Particle physics for internal security
ETH spin-off Arktis Radiation Detectors Ltd produces special detectors that are in demand for internal security and combating terrorism. The plan moving forward is to develop a mobile detector within the frame of a research project, for which financing from the EU is underway.
The technology developed by ETH spin-off Arktis Radiation Detectors Ltd originates from research conducted at ETH by the particle physicists Giovanna Davatz and Rico Chandra. Arktis was founded in 2007 and since then the company has attracted considerable attention, and even has the US Department of Homeland Security as a research investor. The Arktis detectors can reliably sense radioactive material even if it is shielded with a lead jacket. They react not only to highly radioactive material such as caesium and americium, which are considered possible source materials for dirty bombs, but also to the plutonium and uranium needed for atomic bombs. "Both of these, in particular uranium, have comparatively weaker radiation emissions and thus are difficult to detect. This is especially true when they are shielded by lead containers," emphasises Davatz, co-founder of Arktis.
Mobile detector for heavy cargo
Arktis' customers include government agencies from the UK and the US. They finance Arktis in the supply of equipment that can detect smuggled radioactive material during customs clearance or at container ports. Currently, the Arktis team is collaborating with seven partners – including a group led by ETH professor André Rubbia – as part of a project financed by the European Union to enhance one of the company's recently developed detectors and to expand its range of products. "The goal is to build a modular and compact mobile detector system," explains Davatz.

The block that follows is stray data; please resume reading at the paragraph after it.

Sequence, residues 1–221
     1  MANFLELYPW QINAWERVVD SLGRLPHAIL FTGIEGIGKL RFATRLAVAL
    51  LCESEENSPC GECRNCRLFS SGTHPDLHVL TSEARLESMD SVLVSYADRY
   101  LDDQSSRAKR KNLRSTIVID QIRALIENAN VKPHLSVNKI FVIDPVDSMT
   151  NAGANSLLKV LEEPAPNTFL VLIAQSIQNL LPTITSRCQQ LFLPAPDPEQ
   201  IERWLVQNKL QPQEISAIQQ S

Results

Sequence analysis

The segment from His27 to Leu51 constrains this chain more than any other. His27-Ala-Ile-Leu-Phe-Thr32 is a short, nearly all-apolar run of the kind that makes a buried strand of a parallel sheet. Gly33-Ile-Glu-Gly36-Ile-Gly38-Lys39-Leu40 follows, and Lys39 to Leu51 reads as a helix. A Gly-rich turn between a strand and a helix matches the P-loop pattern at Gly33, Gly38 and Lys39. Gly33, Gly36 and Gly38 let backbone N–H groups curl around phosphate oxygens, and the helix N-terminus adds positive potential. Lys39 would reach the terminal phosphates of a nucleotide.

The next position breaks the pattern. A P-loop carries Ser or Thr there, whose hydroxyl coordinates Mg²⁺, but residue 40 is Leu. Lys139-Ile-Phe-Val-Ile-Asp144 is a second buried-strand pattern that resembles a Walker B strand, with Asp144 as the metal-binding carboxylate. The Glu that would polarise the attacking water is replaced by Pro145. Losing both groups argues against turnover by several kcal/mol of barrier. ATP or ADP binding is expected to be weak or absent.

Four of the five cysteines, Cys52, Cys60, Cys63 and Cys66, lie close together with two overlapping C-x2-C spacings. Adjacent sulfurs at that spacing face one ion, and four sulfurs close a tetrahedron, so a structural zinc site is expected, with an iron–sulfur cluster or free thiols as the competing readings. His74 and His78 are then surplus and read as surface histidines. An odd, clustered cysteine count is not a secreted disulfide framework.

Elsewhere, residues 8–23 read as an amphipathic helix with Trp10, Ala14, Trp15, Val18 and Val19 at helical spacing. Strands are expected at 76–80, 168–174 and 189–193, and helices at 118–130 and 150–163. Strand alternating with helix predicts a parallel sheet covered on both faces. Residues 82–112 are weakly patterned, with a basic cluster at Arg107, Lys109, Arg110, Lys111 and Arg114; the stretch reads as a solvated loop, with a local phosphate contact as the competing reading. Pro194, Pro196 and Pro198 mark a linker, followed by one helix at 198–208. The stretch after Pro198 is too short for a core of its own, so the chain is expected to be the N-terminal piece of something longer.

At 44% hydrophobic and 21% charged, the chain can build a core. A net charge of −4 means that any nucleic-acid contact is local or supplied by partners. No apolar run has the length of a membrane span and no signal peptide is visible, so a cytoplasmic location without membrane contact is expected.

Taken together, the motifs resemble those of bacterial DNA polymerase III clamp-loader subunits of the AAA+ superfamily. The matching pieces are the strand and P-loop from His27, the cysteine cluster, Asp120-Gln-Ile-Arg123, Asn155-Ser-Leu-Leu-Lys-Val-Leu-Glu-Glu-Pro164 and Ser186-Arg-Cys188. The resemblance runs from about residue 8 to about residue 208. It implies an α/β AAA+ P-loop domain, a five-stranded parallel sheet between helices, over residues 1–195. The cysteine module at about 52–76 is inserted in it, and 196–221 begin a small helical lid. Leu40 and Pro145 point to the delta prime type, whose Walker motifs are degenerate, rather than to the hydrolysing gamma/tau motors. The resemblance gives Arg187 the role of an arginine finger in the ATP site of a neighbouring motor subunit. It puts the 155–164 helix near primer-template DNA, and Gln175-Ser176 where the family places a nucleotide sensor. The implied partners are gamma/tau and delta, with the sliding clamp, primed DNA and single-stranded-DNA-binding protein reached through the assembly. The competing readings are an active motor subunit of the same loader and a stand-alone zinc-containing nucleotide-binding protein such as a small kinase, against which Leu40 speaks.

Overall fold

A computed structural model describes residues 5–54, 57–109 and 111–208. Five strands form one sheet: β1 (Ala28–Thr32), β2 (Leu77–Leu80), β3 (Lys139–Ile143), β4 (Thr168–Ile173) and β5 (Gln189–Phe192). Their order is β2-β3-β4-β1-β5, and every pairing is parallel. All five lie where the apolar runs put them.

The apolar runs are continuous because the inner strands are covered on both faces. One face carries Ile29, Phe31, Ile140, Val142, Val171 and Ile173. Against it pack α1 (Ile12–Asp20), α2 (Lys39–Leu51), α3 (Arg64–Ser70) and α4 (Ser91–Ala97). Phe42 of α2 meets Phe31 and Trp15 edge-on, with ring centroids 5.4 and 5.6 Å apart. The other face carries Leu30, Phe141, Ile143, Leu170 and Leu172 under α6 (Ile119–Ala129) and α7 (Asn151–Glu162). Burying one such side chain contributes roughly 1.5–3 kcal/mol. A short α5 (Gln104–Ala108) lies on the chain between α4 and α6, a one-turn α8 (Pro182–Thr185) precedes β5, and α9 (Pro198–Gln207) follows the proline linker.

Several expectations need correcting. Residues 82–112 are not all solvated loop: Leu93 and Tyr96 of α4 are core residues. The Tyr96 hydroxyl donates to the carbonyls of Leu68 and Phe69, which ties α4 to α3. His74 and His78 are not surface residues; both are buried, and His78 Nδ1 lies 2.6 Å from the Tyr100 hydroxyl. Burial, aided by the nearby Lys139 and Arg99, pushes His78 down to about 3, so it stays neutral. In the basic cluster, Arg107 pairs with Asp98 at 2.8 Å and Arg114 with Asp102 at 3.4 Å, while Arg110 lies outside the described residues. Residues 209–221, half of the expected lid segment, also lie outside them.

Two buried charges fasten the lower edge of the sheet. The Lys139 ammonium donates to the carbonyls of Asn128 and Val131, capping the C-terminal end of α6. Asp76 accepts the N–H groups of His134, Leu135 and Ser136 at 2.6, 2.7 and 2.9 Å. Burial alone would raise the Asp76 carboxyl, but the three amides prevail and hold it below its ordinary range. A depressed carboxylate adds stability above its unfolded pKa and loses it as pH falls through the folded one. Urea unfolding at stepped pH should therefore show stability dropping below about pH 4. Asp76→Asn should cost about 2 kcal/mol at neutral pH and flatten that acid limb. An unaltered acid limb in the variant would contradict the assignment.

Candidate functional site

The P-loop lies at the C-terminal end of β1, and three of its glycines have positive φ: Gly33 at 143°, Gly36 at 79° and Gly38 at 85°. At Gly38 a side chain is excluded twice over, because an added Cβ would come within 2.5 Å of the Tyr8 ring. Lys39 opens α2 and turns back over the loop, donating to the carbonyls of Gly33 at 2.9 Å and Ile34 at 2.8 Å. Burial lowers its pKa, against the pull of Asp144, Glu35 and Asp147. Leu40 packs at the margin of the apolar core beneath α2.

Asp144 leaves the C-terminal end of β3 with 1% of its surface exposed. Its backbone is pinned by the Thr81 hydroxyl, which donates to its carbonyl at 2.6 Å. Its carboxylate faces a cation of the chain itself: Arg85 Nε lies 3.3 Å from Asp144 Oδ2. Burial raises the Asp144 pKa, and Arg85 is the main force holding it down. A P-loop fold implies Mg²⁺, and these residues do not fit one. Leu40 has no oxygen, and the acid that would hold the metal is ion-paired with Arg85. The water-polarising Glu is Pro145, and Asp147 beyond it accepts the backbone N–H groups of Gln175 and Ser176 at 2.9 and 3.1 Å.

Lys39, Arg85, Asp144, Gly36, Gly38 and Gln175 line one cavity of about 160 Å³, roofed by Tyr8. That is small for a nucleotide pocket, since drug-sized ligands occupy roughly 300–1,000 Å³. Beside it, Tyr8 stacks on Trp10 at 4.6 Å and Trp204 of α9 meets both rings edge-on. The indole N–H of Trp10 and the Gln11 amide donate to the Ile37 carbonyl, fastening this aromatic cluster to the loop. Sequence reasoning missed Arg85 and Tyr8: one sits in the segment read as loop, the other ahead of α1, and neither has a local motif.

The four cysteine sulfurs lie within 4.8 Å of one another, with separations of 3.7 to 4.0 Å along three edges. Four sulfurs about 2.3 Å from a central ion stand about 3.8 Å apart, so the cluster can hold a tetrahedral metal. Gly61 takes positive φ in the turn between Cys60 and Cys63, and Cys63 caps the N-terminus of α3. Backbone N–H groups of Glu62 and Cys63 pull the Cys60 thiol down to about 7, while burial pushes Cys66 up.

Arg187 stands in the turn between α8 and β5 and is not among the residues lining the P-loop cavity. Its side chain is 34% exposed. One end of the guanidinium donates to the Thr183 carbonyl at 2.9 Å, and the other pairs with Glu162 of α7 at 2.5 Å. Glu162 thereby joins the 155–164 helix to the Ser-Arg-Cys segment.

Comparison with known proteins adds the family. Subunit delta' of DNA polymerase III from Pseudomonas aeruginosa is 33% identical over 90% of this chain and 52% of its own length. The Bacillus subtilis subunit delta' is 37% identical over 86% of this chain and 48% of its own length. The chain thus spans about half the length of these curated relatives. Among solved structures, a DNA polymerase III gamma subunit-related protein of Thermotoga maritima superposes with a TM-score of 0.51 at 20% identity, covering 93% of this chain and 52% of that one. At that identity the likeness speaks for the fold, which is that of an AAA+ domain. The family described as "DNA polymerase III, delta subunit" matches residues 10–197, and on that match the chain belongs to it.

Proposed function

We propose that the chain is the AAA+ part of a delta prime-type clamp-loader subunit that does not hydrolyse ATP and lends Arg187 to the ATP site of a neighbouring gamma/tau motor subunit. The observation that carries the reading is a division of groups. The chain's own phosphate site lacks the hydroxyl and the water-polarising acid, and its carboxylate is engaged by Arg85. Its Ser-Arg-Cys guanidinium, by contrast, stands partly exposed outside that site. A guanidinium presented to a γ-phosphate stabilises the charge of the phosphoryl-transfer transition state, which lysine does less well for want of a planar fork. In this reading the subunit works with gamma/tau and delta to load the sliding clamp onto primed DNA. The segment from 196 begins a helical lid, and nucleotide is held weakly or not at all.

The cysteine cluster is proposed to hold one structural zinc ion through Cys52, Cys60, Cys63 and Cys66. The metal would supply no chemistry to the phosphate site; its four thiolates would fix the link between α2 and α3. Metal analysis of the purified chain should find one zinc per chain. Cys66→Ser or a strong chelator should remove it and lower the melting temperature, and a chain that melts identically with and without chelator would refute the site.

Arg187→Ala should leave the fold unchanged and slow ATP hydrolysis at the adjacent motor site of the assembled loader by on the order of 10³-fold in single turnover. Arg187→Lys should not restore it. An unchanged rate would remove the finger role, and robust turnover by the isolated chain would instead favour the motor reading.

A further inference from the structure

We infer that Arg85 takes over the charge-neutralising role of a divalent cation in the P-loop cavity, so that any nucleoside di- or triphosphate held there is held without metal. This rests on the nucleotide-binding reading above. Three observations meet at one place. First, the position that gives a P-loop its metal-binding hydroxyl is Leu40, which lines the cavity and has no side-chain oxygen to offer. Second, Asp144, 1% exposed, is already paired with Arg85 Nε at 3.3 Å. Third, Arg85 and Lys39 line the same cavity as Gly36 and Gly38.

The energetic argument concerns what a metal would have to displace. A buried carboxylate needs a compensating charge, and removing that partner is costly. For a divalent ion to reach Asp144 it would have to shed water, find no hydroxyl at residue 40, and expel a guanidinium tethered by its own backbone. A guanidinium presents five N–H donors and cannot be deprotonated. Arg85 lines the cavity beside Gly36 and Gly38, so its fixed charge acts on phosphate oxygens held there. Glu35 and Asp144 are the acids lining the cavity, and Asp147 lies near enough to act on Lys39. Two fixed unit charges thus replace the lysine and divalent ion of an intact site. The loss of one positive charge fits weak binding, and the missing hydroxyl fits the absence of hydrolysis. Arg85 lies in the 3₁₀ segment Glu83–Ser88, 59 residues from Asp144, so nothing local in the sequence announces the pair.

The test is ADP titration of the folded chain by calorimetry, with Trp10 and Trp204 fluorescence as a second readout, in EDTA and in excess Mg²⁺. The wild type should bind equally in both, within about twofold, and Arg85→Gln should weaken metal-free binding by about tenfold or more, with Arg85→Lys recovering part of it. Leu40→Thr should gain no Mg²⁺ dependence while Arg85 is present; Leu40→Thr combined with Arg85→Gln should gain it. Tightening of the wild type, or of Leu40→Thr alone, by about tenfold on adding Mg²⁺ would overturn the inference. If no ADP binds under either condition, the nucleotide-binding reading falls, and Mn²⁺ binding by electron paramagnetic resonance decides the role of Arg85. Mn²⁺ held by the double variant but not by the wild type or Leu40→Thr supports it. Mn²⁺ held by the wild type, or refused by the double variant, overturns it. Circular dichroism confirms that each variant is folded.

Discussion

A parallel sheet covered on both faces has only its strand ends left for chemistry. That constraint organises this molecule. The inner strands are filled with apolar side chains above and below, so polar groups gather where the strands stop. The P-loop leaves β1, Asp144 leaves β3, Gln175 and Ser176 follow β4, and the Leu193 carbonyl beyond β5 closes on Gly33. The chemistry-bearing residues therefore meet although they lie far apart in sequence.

Normally, detectors are installed as a permanent facility at seaports, where cargo containers are pushed through them in a manner similar to a car wash. The new mobile device is intended to be taken to the allegedly dangerous containerised cargo where it can track it on-site. It is also intended to help in emergency situations, such as investigating an abandoned suspicious object. The prototype is to be tested in the near future by various European customs authorities.
All detectors developed by Arktis use cost-effective noble gases such as xenon, argon or helium-4 as their detection medium. The compressed gas in the detector acts as a scintillator. Rays that penetrate the gas excite the gas particles in the detector and place them in a higher energy state. When they return to their base state, they emit scintillation light that provides information about the energy of the original radiation and from which conclusions about the type of radiation can be drawn.
Distinction between the dangerous and the harmless
Arktis detectors are very fast and therefore able, for example, to react to fast neutrons resulting from nuclear fission. At the same time, they filter out naturally occurring neutrons from cosmic background radiation. As the detectors are designed to include the time factor during measurements, they supply more information than conventional detectors and thus make it possible to distinguish between dangerous material and harmless cargo.
This is not possible with conventional detectors. They operate on a similar principle to a classic Geiger counter, which registers the presence of radiation but does not reveal any further information about its source. Conventional detectors are not able to determine adequately whether they are dealing with particles from dangerous cargo or with harmless radiation from safe materials, such as fertiliser or cat litter, explains Davatz. As a result, the older technologies often trigger false alarms.